Module 6: System Hacking Learn about the various system hacking methodologies—including steganography, steganalysis attacks, and covering t...

Module06 System Hacking

Thursday, February 29, 2024 0 Comments

 Module 6: System Hacking

Learn about the various system hacking methodologies—including

steganography, steganalysis attacks, and covering tracks—used to discover

system and network vulnerabilities. Hands-On Lab Exercises:

Over 25 hands-on exercises with real-life simulated targets to build skills on

how to:

> Perform Online active online attack to crack the system’s password

> Perform buffer overflow attack to gain access to a remote system

> Escalate privileges using privilege escalation tools

> Escalate privileges in linux machine

> Hide data using steganography

> Clear Windows and Linux machine logs using various utilities

> Hiding artifacts in Windows and Linux machines

Section 01: Gaining Access

Gaining access

Password cracking:

In cryptanalysis and computer security, password cracking is the process of recovering passwords from data that has been stored in or transmitted by a computer system in scrambled form. A common approach (brute-force attack) is to repeatedly try guesses for the password and to check them against an available cryptographic hash of the password.

Security account manager (SAM) database:

The Security Account Manager (SAM) is a database file in Windows XP, Windows Vista, Windows 7, 8.1, 10 and 11 that stores users' passwords.

Net technology lan manager (NTLM):

In a Windows network, NT (New Technology) LAN Manager (NTLM) is a suite of Microsoft security protocols intended to provide authentication, integrity, and confidentiality to users.


Kerberos is a computer-network authentication protocol that works on the basis of tickets to allow nodes communicating over a non-secure network to prove their identity to one another in a secure manner.

Dictionary Attack:

In cryptanalysis and computer security, a dictionary attack is an attack using a restricted subset of a keyspace to defeat a cipher or authentication mechanism by trying to determine its decryption key or passphrase, sometimes trying thousands or millions of likely possibilities often obtained from lists of past security breaches.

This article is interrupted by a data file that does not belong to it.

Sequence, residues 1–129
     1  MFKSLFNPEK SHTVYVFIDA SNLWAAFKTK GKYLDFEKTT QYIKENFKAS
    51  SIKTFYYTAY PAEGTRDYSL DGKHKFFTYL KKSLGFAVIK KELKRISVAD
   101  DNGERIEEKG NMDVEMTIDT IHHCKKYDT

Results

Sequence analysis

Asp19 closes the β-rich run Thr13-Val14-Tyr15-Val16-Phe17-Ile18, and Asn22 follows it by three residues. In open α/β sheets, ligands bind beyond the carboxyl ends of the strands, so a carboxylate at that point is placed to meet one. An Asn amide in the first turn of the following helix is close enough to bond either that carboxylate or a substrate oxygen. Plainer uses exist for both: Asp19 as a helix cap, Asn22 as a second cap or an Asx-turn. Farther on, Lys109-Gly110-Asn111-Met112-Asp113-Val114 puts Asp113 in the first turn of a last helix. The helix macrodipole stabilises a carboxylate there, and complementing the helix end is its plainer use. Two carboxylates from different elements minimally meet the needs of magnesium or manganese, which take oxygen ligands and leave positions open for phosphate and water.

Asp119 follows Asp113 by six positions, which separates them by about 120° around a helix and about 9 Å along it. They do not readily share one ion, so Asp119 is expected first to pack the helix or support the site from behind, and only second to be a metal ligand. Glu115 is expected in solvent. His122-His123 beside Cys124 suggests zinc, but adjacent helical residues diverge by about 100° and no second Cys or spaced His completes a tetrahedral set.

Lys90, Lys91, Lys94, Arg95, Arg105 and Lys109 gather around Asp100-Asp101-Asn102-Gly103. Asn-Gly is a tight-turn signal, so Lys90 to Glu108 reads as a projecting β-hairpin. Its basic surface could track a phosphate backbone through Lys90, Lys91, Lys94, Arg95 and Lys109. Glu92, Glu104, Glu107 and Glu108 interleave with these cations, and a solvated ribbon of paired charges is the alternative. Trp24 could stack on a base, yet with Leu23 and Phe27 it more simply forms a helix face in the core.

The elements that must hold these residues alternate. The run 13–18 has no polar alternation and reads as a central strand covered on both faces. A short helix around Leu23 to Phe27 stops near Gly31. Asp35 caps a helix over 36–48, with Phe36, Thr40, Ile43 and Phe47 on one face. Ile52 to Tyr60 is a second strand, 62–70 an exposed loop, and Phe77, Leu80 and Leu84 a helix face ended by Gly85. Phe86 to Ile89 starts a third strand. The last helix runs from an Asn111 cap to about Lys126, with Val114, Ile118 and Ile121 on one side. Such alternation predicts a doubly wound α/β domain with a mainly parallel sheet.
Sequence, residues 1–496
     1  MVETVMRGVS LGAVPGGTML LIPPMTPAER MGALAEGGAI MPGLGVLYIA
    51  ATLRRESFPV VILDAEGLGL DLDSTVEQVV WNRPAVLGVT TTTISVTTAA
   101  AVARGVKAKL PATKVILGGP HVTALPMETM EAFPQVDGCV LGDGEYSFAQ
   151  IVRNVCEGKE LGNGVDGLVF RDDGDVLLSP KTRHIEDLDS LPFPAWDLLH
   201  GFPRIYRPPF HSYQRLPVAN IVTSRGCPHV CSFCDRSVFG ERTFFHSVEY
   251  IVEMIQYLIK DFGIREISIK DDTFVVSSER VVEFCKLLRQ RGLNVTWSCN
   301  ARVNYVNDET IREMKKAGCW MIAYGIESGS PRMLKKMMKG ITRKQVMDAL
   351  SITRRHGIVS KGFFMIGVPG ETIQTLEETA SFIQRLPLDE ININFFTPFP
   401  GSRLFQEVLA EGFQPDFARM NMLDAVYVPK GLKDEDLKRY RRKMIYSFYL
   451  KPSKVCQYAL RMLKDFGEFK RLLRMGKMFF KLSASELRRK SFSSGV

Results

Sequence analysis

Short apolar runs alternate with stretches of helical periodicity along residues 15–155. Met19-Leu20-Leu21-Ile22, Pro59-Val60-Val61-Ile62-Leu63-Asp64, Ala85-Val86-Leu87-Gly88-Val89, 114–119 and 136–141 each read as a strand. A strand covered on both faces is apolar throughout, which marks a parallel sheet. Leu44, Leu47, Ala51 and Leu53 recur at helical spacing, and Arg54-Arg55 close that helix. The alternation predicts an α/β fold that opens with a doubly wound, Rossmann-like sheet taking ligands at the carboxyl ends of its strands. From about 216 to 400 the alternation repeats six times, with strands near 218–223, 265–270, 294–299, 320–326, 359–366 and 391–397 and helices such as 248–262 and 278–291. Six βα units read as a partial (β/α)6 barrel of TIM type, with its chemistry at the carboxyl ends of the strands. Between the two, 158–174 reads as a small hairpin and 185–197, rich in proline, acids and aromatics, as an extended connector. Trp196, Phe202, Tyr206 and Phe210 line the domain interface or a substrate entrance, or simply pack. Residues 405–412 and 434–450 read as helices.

Brute force attack:

In cryptography, a brute-force attack consists of an attacker submitting many passwords or passphrases with the hope of eventually guessing correctly.

Password spraying attack:

Password spraying is a type of brute force attack. In this attack, an attacker will brute force logins based on list of usernames with default passwords on the application.


Hashcat is a password recovery tool. It had a proprietary code base until 2015, but was then released as open source software.

Trojan horse:

In computing, a Trojan horse is any malware that misleads users of its true intent. The term is derived from the Ancient Greek story of the deceptive Trojan Horse that led to the fall of the city of Troy.

Man in the middle attack (MiTM):

In cryptography and computer security, a man-in-the-middle, monster-in-the-middle, machine-in-the-middle, monkey-in-the-middle, meddler-in-the-middle, manipulator-in-the-middle (MITM), person-in-the-middle (PITM) or adversary-in-the-middle (AiTM) attack is a cyberattack where the attacker secretly relays and possibly alters the communications between two parties who believe that they are directly communicating with each other, as the attacker has inserted themselves between the two parties.

Rainbow table:

A rainbow table is an efficient way to store data that has been computed in advance to facilitate cracking passwords. To protect stored passwords from compromise in case of a data breach, organizations avoid storing them directly, instead transforming them using a scrambling function – typically a cryptographic hash.